Project aims: The overall objective of INTAROS is to develop an integrated Arctic Observation System (iAOS) by extending, improving and unifying existing systems in the different regions of the Arctic. INTAROS will have a strong multidisciplinary focus, with tools for integration of data from atmosphere, ocean, cryosphere and terrestrial sciences, provided by institutions in Europe, North America and Asia. 
INTAROS is a research and innovation action under the H2020-BG-09 call in 2016.

DMI's role: DMI will generate HYCOM-CICE model data for the Disko Bay-Baffin Bay area. The physical data will be used to force the offline Flexsem model system at Aarhus University.

Funding: Sub-contract to Aarhus University

Period: 2017 - 2018.

Collaborators: Aarhus University

Participants from DMI: Kristine S. Madsen, Mads H. Ribergaard, Till Rasmussen

Jerico (Link: www.jerico-fp7.eu)

Project aims: The project is aiming at providing a reliable valuation to the existing monitoring and observational systems for the European seas. The project is also purposed to form scientific guidance to optimize the existing monitoring and observational systems and to design additional new systems.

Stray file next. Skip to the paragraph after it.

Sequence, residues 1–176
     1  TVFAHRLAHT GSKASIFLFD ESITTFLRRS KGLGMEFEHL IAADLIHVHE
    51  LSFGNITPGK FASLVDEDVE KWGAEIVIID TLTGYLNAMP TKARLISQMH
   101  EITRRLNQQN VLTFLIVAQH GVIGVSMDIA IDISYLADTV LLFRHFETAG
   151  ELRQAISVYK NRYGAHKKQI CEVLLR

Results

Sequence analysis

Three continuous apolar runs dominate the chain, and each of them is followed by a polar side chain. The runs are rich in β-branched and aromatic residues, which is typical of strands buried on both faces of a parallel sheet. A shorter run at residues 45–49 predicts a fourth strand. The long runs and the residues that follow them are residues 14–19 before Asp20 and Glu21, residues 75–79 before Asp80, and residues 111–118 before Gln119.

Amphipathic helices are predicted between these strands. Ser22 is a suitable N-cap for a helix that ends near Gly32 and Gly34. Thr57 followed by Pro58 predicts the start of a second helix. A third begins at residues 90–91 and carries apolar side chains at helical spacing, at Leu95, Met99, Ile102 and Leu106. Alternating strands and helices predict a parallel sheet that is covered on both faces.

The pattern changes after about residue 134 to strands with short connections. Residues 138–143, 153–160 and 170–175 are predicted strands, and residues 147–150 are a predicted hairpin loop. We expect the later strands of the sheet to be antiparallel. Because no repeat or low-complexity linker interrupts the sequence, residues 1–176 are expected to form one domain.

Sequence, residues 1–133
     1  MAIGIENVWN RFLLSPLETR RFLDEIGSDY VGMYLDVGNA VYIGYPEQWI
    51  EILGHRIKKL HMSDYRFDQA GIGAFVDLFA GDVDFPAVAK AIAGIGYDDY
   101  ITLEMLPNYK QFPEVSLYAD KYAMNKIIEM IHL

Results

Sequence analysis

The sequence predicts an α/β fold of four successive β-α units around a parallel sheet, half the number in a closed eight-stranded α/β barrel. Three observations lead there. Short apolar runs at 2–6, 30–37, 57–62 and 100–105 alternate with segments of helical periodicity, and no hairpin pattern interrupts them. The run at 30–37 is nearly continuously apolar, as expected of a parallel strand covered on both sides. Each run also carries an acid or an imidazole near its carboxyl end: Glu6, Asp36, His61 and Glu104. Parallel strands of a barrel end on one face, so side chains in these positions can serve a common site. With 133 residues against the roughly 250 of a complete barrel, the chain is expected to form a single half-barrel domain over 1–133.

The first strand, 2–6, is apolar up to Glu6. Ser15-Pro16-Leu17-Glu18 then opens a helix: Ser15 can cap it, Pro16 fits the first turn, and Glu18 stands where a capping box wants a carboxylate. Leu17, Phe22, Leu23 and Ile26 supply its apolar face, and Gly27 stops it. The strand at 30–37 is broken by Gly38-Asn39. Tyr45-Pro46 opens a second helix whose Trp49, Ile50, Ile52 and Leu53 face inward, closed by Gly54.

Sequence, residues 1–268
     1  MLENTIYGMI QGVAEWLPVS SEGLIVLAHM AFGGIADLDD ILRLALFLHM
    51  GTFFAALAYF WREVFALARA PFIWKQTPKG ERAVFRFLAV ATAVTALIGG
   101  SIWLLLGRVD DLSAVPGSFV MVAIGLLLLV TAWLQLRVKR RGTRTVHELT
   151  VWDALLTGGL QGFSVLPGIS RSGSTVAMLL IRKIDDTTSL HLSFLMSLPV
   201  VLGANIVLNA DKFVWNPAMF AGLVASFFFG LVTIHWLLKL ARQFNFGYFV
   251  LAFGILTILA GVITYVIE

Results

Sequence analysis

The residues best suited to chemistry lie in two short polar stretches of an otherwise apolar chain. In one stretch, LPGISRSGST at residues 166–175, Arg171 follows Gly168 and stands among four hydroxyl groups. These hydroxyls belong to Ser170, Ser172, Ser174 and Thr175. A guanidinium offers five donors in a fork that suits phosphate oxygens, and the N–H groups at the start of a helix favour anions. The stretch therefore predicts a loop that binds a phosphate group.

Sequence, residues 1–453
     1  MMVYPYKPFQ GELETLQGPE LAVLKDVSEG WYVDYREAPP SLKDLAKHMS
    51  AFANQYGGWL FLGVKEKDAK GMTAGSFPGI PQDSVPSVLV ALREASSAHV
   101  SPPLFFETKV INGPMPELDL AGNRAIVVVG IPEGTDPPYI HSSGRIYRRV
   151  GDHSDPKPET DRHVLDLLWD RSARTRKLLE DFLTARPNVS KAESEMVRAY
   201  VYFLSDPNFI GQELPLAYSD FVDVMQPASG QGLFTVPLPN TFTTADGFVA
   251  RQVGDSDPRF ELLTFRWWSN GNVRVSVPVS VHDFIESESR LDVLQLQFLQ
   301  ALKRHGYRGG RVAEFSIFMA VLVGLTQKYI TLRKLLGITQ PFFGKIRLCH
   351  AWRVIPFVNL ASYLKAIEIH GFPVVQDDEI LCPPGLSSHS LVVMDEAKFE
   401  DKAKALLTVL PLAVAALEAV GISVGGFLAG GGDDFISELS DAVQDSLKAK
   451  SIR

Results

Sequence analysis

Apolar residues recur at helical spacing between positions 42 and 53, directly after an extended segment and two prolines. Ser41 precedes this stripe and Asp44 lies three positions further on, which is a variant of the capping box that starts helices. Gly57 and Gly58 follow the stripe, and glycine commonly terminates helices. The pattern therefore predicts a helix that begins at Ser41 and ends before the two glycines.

DMI’s role: 
DMI’s role: DMI is responsible for the Baltic Sea. We use data assimilation to evaluate how much the observational systems of T-S profiles and SST can improve the model products. We also evaluate how the new observational system of gliders should be applied in the Baltic Sea.

Funding: EU FP 7 - Integrating Activities (IA)

Period: Jan. 1st, 2011 - Dec. 31th, 2014

Collaborators: SYKE

Participants from DMI: Jun She and Zhenwen Wan

 

Mona Lisa 2 (Link: www.monalisaproject.eu)

Project aims: MONALISA 2.0 is a concrete step in the process of further developing the Motorways of the Sea concept by implementing concrete pilot actions and studies that will foster deployment of new maritime services and processes. 

DMI’s role: to develop and provide operational meteo-ocean forecast products and their uncertainties for e-navigation (e.g., route optimization) in European regional seas. Major challenges are to provide high quality and high resolution forecasts in pan-European Seas incl. all narrow straits linking the Seas as well as their uncertainty estimates. DMI's approach is to use a pan-European sea set up (with 10 two-way nested areas) of DMI ocean-ice model HBM to resolve the spatial resolution and coverage problem and to use ensemble method to resolve the uncertainty estimation issue. Both are frontier research in operational oceanography. The forecasting method and skills developed in MONALISA2.0 are also applicable in many other service areas.